A colleague pointed out to me a news item regarding a venture by Accenture and a rural Native American tribe in Oregon that is intended to set up a low-cost domestic service center for outsourced document processing, software development and call center operations.
This reminded me of several conversations with frustrated CIOs of large corporations that were anguishing over the need to rely on offshore service centers in order to achieve cost reductions. The CIO of one of the largest U.S.-based airlines was particularly anguished over this. "When," she asked, "will we put our own underutilized human resources to work?"
Well, it seems that wish is becoming a reality – at least on a small scale. Several companies have recently sprung up in rural areas of the U.S. offering a variety of onshore outsourcing services. One, Rural Sourcing, Incorporated of Jonesboro, Arkansas, enables CIOs to outsource IT work to currently underutilized and often underemployed, lower-cost IT workers living in outlying areas of the United States.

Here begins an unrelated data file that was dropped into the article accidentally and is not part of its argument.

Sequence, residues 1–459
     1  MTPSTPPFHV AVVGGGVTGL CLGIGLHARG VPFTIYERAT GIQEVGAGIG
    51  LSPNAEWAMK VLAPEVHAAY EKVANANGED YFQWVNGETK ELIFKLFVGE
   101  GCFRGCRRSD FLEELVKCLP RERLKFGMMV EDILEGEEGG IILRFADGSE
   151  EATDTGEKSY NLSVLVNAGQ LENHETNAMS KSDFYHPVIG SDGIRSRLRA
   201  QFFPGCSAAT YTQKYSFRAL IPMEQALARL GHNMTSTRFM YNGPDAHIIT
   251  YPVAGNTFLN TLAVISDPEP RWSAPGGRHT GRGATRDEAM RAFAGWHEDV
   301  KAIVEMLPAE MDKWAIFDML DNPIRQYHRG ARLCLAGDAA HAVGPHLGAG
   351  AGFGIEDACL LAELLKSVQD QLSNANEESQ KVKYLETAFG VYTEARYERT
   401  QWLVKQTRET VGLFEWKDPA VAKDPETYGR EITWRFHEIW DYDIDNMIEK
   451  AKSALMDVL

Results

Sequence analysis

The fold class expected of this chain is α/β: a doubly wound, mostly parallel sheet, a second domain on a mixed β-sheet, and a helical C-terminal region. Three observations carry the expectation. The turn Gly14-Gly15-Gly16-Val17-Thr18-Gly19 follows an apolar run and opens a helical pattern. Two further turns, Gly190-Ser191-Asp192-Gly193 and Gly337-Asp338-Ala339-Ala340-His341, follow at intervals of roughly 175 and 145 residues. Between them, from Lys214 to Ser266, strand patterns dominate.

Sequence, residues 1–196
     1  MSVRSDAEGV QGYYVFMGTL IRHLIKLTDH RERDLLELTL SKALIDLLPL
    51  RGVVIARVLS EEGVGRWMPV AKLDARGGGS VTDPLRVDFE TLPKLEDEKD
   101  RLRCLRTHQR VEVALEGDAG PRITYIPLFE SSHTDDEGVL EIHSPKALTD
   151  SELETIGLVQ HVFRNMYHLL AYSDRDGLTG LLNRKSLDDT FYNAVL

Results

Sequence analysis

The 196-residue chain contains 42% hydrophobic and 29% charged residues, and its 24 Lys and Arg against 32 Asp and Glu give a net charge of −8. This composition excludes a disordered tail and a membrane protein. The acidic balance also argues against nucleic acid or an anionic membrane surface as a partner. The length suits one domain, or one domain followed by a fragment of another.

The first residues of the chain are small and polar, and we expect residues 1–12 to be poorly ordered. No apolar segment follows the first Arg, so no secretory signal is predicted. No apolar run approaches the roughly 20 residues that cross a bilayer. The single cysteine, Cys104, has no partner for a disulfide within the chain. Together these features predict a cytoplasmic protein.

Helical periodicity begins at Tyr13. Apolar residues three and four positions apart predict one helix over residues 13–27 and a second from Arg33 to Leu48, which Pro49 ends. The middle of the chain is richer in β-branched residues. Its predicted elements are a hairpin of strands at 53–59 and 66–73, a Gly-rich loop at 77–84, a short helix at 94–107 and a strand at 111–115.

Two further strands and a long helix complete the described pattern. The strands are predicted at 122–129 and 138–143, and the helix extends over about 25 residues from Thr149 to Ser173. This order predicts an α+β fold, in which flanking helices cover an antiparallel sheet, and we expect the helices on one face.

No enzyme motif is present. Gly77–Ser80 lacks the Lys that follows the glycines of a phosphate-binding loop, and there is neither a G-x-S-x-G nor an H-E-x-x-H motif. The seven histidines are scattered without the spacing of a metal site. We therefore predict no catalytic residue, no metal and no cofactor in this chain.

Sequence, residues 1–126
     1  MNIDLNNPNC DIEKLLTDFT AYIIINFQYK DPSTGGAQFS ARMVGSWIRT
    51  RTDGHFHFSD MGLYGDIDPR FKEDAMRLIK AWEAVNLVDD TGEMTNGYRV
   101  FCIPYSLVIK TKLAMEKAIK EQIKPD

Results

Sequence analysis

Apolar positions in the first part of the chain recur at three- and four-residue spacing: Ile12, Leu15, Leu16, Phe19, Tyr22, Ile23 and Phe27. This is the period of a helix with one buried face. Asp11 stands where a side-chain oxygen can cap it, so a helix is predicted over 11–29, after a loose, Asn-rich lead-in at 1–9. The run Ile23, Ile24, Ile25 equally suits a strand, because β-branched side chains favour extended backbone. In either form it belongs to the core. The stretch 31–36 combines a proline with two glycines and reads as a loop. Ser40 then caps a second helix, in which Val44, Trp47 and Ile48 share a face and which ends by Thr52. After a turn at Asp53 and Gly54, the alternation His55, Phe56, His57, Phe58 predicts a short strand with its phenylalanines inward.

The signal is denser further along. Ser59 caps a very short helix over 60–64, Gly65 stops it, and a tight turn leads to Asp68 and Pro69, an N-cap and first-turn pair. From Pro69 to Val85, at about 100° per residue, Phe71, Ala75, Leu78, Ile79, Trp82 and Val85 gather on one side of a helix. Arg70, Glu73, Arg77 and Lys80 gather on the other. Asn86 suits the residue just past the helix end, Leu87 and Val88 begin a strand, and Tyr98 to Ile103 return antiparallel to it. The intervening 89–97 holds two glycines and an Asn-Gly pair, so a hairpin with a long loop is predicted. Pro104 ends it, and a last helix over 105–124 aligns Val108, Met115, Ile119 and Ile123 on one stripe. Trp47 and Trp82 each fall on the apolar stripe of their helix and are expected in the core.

Personally, I don’t see much chance of this becoming a major part of corporate sourcing strategies. The reason is scale. Pockets of rural capability just can not offer the ability to scale to the degree that is possible through major "remote" destinations. Further, there would need to be some significant tax benefits made possible to offset the tax and wage differences of India, China, and Eastern Europe.
At the end of the day, though, it’s a matter of perspective. If all we do is look at "rural sourcing" as a last resort for those underemployed, where offshore destination countries view the work as a way up the economic development ladder. . . the attitude of the operation will have a very different tone. And, tone means service quality.
Do you think this alternative to going offshore has legs?